The Pats had traded their first-round pick to the Saints for receiver Brandin Cooks, and they shipped their second-round pick to the Panthers for defensive lineman Kony Ealy. Thus, New England was slotted to make its first pick with the 72nd overall selection—the longest such wait in franchise history, and the only time the team had gone without first- and second-round picks.
As a result, one might have expected head coach Bill Belichick to look for depth players throughout the draft, as players with obvious star potential are rarities when you get into the third round. But with a combination of great planning and good fortune, Belichick may have landed his next star pass-rusher with the 83rd overall pick (having traded down from 72) in the form of Youngstown State defensive end Derek Rivers.
After high school, Rivers spent a year at Fork Union Military Academy in 2012 to get his grades straight—a common path for future NCAA stars who need to go that route—and became Youngstown State's all-time sack leader with 41 from 2013-16, adding 56.5 tackles for loss and 47 quarterback hurries. Rivers' success in the All-Missouri Valley Football Conference was one thing, but he also lit it up at the Senior Bowl and the scouting combine. He sacked game MVP Davis Webb in the game at Mobile, and impressed at the combine with his overall test results. Rivers' 40-yard dash time of 4.61 ranked third among defensive ends, as did his 30 bench-press reps.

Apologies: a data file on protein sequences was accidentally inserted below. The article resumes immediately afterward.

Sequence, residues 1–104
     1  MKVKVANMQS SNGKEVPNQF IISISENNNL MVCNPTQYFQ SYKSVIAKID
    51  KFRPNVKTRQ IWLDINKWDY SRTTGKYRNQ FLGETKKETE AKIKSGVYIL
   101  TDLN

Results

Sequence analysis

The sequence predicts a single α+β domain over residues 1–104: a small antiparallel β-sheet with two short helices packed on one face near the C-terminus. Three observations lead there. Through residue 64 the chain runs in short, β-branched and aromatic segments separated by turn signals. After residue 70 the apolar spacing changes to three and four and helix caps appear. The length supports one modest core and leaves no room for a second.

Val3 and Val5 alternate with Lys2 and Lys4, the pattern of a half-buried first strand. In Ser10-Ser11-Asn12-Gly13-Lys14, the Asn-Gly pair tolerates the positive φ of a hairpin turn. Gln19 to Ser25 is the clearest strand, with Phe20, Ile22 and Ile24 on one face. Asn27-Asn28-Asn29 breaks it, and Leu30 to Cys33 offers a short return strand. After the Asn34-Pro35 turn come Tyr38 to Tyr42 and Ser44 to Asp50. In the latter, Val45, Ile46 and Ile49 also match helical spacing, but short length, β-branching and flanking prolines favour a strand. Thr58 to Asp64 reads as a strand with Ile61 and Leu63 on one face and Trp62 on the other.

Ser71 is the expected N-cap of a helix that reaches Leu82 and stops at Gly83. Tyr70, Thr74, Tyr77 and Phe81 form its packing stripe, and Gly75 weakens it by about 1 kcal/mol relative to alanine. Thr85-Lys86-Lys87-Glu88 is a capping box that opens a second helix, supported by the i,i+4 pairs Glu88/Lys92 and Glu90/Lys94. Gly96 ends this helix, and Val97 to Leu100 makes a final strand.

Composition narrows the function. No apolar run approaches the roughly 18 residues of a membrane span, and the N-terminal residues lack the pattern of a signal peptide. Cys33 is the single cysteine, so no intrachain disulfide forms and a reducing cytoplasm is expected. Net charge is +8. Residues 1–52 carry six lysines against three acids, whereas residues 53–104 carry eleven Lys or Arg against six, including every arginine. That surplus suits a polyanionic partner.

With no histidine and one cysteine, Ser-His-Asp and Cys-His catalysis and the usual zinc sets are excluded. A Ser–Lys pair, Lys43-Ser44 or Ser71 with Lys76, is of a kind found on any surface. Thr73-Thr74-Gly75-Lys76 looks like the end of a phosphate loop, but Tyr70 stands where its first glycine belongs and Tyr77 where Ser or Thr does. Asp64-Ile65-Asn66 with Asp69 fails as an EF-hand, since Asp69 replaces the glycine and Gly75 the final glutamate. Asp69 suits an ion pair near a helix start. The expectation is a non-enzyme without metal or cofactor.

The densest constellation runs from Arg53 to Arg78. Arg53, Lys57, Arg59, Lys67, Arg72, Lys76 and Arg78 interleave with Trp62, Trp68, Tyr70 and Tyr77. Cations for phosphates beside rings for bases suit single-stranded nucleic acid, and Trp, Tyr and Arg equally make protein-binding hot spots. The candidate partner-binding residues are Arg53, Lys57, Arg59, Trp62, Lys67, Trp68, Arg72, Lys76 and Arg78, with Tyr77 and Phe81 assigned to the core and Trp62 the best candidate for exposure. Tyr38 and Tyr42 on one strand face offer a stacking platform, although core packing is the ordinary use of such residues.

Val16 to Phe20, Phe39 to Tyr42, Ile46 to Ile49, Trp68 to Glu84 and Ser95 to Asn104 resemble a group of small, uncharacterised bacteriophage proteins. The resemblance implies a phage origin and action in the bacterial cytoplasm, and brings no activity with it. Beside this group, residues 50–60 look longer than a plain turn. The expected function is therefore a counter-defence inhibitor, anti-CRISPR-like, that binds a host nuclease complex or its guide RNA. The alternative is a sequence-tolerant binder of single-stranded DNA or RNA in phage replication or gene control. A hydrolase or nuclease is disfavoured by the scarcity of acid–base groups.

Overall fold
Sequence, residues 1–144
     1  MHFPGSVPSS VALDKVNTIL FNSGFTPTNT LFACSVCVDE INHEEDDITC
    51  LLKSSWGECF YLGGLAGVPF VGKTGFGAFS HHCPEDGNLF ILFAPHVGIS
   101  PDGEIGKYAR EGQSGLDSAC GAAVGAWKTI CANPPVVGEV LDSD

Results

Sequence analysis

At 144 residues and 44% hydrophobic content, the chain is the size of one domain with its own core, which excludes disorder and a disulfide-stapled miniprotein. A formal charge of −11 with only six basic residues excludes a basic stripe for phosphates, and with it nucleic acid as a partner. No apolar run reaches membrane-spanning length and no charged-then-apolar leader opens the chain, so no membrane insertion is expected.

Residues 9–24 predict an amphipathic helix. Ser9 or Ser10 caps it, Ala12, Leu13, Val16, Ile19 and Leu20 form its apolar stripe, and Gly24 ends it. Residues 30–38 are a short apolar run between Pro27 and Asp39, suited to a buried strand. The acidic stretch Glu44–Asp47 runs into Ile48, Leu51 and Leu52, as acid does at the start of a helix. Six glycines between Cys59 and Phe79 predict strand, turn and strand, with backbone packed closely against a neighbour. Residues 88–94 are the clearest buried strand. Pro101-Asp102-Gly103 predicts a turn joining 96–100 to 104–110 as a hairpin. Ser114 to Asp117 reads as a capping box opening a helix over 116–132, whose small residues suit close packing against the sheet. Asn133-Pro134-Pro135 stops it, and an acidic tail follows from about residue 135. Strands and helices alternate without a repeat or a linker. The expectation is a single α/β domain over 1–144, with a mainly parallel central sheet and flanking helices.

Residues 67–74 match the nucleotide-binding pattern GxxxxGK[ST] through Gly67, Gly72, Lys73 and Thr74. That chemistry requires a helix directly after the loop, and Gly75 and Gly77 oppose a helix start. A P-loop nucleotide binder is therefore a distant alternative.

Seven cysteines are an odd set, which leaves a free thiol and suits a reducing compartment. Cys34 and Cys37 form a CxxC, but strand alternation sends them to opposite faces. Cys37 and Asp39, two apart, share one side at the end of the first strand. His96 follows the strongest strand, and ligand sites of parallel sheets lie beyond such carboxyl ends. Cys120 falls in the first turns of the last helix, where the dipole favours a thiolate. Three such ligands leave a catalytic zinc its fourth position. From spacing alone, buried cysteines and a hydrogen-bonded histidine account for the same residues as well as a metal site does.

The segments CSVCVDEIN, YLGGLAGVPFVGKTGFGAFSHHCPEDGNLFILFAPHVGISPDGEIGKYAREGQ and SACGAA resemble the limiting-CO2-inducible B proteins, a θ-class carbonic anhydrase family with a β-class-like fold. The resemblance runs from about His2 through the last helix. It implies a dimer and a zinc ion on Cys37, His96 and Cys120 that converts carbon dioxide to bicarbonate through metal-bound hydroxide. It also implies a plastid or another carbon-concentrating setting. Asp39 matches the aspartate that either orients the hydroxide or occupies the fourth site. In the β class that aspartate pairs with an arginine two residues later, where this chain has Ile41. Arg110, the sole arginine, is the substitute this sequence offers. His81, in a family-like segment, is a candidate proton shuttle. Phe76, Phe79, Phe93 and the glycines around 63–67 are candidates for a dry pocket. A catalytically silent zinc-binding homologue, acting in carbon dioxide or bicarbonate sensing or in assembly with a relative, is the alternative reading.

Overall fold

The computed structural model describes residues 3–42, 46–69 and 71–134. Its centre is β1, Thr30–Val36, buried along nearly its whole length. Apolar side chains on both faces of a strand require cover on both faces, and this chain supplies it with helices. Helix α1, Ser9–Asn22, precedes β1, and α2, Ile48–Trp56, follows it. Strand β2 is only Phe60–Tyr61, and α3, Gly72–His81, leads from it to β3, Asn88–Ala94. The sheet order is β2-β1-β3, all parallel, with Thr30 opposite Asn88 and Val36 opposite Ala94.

Rivers didn't grow into his body until he landed in college, and between that, a lack of good tape and his academic issues, he had to take the path of a late bloomer. Arriving at Youngstown State and working with head coach Bo Pelini showed Rivers what he was capable of.
"I wanted to be an every-down player," Rivers told DraftBreakdown's Justin Melo of the transition from reserve to starter in 2014. "My dad played football at Virginia Tech and he always told me that the guys who you see make it, they put in extra work. That was the one thing that I wanted to do. I started by doing extra in the weight room. I was smaller and I knew that I had to get bigger if I was going to be successful. Once I started gaining that weight and getting stronger, it gave me more confidence on the field. That's what changed for me."
When a reporter asked Belichick following the pick how Rivers' game would translate to a higher level of competition, he didn't seem concerned.